3 Steps to a Simplified Financial Forecast

Operating a small business is like a hike in the woods where the observed nature is mostly familiar, but sometimes referring to a compass is very important. The entrepreneur’s compass is the financial forecast. These projections guide you in the course you want to take. And when the path twists you in a different direction, the forecast shows where you’re off track and how to get your bearings back.

Projections set goals and milestones. More importantly, they permit you to measure progress toward your objectives. Many entrepreneurs eschew making financial forecasts because the process entails a lot of numbers, which seem cumbersome to calculate. But forecasting is a simple process when it’s constructed on a spreadsheet from identification of a few basic factors you’re certain to already know.

Direct Costs

The top line in your financial forecast is sales revenue. But determination of this figure is embodied in an initial step of identifying your available resources. These elements are cash and time. Assess available funds for inventory and other costs that must be paid before you collect from customers. The money on hand for these things represents a curb on how much you can sell. In addition, your revenue is limited by the time you have to contribute to business. Selling more than you can deliver individually means adding staff. And that brings you again to a cash need.

Start by considering all direct costs, such as inventory or materials. Labor cost is also commonly a major direct factor in generating sales. For solo-operated service providers, the only direct cost is typically the entrepreneur’s time. The key dynamics are how much output the individual can accomplish every month and the amount of personal income desired for the effort. That owner compensation target is the major direct cost in many basic business models.

Sales Revenue

When your direct costs are identified, sales revenue is projected as a multiple of those expenditures. All you need is your ratio of direct costs to sales revenue. This may be calculated using historical data. Or you might simply identify a markup you aim to achieve. For example, you might have prices that are twice your direct costs – yielding a ratio of 0.5 or 50%.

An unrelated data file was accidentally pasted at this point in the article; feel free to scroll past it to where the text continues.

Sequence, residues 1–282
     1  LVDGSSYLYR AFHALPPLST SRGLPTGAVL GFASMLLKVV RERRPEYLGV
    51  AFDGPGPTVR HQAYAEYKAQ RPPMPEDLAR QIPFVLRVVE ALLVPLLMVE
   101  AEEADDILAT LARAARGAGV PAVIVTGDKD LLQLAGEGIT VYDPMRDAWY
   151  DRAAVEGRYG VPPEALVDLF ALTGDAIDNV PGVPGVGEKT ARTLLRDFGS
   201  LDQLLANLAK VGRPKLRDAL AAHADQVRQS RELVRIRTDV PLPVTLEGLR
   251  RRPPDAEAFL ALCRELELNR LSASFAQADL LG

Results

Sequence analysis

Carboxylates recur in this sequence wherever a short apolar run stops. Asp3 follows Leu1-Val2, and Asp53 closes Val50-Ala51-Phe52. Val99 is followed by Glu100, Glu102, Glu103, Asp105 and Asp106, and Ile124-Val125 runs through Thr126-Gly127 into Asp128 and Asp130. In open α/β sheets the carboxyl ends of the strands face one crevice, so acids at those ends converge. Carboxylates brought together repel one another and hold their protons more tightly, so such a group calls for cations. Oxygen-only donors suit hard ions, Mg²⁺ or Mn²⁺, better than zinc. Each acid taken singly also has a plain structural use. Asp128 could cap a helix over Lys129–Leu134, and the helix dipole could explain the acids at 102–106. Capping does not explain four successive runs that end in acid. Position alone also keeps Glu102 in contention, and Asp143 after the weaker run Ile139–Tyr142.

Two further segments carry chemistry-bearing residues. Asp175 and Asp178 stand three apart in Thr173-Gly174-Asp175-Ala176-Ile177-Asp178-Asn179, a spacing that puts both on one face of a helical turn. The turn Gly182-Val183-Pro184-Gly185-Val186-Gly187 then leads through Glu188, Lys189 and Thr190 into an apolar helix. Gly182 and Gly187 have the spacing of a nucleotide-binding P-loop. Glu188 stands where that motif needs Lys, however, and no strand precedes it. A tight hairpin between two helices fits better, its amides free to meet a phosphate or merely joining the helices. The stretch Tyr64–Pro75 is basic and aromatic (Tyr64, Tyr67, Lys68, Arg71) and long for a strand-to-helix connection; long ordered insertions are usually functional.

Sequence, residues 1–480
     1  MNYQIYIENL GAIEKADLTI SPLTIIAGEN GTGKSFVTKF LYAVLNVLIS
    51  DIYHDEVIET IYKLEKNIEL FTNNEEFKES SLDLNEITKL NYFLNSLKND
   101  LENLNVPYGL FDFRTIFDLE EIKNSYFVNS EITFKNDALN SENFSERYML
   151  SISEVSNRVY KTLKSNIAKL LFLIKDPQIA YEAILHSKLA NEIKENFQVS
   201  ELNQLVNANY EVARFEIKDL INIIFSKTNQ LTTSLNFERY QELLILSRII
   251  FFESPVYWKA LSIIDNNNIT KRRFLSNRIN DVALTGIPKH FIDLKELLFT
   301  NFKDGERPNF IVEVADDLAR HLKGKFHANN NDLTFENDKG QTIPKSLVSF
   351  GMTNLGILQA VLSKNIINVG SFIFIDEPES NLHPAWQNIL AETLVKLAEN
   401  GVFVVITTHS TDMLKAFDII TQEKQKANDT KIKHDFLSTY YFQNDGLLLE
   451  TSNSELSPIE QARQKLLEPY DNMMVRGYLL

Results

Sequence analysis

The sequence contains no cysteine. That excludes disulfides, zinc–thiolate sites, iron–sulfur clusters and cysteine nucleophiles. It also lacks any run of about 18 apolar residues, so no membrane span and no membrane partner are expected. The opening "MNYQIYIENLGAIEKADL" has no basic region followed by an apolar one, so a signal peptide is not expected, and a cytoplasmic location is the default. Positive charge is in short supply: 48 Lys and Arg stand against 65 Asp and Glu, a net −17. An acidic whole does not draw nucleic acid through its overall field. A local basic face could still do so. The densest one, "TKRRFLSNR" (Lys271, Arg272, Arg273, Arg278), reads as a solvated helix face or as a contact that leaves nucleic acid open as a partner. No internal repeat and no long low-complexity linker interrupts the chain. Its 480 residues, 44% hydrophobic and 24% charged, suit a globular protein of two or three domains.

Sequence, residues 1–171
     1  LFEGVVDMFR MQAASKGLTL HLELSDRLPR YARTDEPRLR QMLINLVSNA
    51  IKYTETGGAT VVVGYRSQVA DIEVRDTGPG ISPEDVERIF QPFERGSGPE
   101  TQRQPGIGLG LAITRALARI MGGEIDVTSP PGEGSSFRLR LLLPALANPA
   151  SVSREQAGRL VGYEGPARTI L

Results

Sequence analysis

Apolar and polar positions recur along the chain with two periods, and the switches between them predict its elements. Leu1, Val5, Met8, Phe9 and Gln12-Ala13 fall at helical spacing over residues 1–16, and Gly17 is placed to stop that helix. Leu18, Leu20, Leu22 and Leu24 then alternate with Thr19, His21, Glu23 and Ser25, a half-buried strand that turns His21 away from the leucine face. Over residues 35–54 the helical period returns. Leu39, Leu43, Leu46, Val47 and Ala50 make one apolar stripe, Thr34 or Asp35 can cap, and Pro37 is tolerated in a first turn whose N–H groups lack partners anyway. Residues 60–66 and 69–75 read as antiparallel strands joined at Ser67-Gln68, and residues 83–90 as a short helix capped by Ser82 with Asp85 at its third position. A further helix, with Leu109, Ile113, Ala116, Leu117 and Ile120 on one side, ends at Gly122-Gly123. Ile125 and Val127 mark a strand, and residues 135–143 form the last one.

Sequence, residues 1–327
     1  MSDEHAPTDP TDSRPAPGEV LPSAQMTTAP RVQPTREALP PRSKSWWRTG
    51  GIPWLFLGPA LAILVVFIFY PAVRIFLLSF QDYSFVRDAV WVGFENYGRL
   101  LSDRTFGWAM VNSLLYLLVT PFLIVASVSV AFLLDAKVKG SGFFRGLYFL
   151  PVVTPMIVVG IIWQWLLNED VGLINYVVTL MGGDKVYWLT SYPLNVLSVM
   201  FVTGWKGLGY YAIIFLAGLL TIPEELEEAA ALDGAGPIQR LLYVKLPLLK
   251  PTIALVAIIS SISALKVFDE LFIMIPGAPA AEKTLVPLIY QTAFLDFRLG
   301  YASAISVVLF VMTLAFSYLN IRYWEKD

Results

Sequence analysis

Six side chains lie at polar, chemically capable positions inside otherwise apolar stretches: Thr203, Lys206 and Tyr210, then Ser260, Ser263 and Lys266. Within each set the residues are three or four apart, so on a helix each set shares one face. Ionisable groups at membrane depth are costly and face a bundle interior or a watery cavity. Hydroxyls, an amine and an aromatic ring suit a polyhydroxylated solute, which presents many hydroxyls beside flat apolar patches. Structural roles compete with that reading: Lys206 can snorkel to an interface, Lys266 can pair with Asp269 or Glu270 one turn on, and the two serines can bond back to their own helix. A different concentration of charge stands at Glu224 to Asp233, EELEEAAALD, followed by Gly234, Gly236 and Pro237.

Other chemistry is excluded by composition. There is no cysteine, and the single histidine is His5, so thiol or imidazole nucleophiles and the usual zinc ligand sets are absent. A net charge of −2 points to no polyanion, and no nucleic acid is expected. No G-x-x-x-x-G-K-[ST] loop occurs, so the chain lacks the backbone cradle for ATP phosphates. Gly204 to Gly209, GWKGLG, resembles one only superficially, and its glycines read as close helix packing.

Divide your forecasted costs by the ratio. The product is your sales revenue forecast. Subtracting direct costs from sales revenue results in an amount for gross profit.

Overhead Expenses

Every business has general overhead expenses. Even the plain solo entrepreneur working from home has at the least a cost for internet and cell phone. Larger organizations of course incur expenses for rent and office administration. Don’t forget costs for advertising and marketing, even if that’s only website development and maintenance.

All of these overhead items are measures where you have flexibility to reduce cost. Subtract them from your gross profit to obtain net profit. Exclude from overhead costs all capital expenditures for machinery, equipment, and leasehold improvements. Rather, subtract these costs from your net profit forecast at the irregular intervals when you expect to incur them. With the passage of time, update the financial forecast. Although poor results will necessitate cutting overhead and capital expenditures, beating expectations gives you extra funds for expansion.

%d bloggers like this: